The real link between food security and climate change

There is a concerted effort to promote a narrative that increasing Irish food production is a vital contribution to global food security and, therefore, action to reduce climate-changing emissions in Ireland should put no limit on the expansion of Irish agri-industry.

In reality, climate change is one of the biggest threats to food security, not action to contain climate change. Other main causes of food insecurity are conflict, natural disasters, poverty, access to agricultural inputs and good seeds for small farmers.

There is no shortage of food globally. The problem is not production, it's distribution. The 1 billion people who go hungry every day could be fed with just 3% of current world food supply.

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Permanent link | Categories: climatechangefoodandfarming

A letter to Joe Costello when I thought he was going to the Rio Summit, or a couple of things Labour could do if they wanted to show they take sustainability seriously

Posted on June 13, 2012 by Oisín Coghlan

Publication cover - Letter to Joe Costello on Rio+20 June 2012 - Cover image for Letter to Joe Costello on Rio+20 June 2012
Cover image for Letter to Joe Costello on Rio+20 June 2012

The Irish Times reported on Monday that Joe Costello, Minster for Development and Trade, would be joining Minister Phil Hogan at the Rio+20 Earth Summit.

We drafted a letter to him suggesting a couple of things he could usefully do to ensure Rio has a progressice impact in Ireland.

On Wednesday we discovered he wasn't going to Rio, the Irish Times was mistaken.

It's a pity really. Many countries are sending their prime minister, but not Ireland. Others are sending their deputy prime minister, but not Ireland. Last week the Taoiseach and the Tanaiste "launched" a blueprint for "Our Sustainable Future" but couldn't manage a word between them for reporters or the the public.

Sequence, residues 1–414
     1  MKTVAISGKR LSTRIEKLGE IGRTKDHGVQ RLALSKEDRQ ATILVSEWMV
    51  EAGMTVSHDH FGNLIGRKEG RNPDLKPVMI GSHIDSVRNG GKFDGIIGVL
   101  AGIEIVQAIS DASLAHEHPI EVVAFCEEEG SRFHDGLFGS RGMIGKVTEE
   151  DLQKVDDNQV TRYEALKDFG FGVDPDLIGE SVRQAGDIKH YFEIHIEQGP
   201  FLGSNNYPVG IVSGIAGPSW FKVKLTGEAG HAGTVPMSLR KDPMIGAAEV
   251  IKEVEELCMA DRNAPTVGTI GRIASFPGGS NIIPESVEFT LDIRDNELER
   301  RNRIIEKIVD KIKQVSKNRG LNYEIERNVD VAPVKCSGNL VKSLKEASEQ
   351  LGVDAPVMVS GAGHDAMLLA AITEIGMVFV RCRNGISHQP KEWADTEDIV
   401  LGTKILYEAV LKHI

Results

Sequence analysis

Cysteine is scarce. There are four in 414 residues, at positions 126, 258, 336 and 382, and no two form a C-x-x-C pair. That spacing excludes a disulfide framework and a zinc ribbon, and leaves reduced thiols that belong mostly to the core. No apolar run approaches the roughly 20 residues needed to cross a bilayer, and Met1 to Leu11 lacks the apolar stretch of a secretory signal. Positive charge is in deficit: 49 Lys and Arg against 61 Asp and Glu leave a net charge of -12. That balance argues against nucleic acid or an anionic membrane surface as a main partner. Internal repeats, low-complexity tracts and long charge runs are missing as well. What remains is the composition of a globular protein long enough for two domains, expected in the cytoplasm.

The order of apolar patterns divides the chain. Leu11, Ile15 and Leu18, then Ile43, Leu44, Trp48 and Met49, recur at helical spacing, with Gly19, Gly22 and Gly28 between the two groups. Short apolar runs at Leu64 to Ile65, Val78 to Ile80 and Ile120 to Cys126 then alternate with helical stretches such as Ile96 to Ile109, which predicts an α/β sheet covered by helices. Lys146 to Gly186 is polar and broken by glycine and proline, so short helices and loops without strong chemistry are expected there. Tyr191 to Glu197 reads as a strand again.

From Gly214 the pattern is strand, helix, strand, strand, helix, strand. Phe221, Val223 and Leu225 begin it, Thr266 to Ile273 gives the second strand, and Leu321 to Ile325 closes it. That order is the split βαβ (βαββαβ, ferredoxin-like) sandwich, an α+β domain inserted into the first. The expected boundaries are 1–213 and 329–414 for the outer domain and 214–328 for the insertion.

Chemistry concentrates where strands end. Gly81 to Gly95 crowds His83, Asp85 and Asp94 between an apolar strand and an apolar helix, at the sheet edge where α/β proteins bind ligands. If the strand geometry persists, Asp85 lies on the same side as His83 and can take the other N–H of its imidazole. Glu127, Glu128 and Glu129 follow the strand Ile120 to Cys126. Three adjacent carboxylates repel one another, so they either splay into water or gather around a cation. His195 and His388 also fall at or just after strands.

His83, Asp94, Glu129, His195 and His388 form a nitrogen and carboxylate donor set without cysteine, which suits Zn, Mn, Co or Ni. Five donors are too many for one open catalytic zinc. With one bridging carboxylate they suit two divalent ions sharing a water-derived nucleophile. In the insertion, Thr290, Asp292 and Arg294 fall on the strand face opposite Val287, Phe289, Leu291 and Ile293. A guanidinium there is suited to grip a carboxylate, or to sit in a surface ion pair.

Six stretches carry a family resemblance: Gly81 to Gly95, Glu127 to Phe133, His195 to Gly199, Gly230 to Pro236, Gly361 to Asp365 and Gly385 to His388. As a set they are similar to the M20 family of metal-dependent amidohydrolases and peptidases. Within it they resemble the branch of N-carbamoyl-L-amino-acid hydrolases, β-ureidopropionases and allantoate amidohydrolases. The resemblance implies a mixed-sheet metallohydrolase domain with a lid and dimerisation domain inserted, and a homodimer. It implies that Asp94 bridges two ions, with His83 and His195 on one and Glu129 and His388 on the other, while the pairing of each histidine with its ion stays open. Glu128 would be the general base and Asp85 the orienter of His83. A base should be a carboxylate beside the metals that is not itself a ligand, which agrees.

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Permanent link | Categories: climatechangeenergytransportwastewaterbiodiversityfoodandfarming

Why I'm looking forward to Rio+40

Posted on June 12, 2012 by Young Friends of the Earth

In 1992, when the nations of the world came together at the Rio Earth Summit, the closest thing to pollution I was thinking about was my dirty nappy. Now, as Rio+20 gets underway, I am a graduate about to head out into the world as a community worker. During my journey from cot to climate activism a lot has changed in the world. Yet the principles of the 1992 Rio Declaration stand as a radical and inspirational avowal from 172 nations-representing 98% of the world's population- that they no longer wanted to build a world on unsustainability, injustice and inequity.

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Taylor taste justice, but West Africa continues to be denied it

Posted on May 31, 2012 by Molly Walsh

Taylor tastes justice, but West Africa continues to be denied it
As the EU bows down to big business and continues to exploit the Global South in search of cheap raw materials and energy, what impact will Charles Taylor's conviction really have on a region ravaged by natural resource conflict?